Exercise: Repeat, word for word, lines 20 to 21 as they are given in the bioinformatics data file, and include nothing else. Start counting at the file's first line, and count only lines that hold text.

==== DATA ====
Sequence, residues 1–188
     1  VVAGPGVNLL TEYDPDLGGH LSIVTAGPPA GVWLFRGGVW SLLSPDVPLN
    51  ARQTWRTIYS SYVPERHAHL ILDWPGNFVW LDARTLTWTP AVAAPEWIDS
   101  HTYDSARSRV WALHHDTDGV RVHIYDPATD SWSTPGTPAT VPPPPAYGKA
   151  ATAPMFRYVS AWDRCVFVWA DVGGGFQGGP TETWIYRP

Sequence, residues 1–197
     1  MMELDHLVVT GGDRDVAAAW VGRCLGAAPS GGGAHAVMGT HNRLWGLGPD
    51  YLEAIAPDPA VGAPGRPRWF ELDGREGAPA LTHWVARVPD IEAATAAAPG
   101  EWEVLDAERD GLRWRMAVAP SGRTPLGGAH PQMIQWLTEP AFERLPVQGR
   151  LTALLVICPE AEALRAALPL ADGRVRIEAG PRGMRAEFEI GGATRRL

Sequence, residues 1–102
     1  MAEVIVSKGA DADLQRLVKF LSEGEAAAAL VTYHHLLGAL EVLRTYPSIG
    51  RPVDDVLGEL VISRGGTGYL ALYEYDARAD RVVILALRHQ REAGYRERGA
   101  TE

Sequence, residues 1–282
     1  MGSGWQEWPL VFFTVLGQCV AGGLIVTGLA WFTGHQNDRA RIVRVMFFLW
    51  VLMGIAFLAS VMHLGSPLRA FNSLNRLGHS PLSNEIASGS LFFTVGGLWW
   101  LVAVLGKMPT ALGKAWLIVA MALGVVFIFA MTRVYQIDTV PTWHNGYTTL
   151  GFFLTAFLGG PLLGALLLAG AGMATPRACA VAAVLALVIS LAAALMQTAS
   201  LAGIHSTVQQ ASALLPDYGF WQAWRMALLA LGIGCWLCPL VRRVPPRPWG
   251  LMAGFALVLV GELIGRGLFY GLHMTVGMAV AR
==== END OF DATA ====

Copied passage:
   201  LAGIHSTVQQ ASALLPDYGF WQAWRMALLA LGIGCWLCPL VRRVPPRPWG
   251  LMAGFALVLV GELIGRGLFY GLHMTVGMAV AR